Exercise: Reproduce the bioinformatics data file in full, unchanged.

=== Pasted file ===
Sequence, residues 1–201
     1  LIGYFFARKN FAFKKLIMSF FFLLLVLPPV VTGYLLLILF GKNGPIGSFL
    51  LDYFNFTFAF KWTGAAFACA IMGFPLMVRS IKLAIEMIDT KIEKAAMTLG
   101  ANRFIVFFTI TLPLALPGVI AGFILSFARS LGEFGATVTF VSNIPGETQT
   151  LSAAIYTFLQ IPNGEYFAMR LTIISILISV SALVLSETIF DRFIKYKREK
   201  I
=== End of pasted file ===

Sequence, residues 1–201
     1  LIGYFFARKN FAFKKLIMSF FFLLLVLPPV VTGYLLLILF GKNGPIGSFL
    51  LDYFNFTFAF KWTGAAFACA IMGFPLMVRS IKLAIEMIDT KIEKAAMTLG
   101  ANRFIVFFTI TLPLALPGVI AGFILSFARS LGEFGATVTF VSNIPGETQT
   151  LSAAIYTFLQ IPNGEYFAMR LTIISILISV SALVLSETIF DRFIKYKREK
   201  I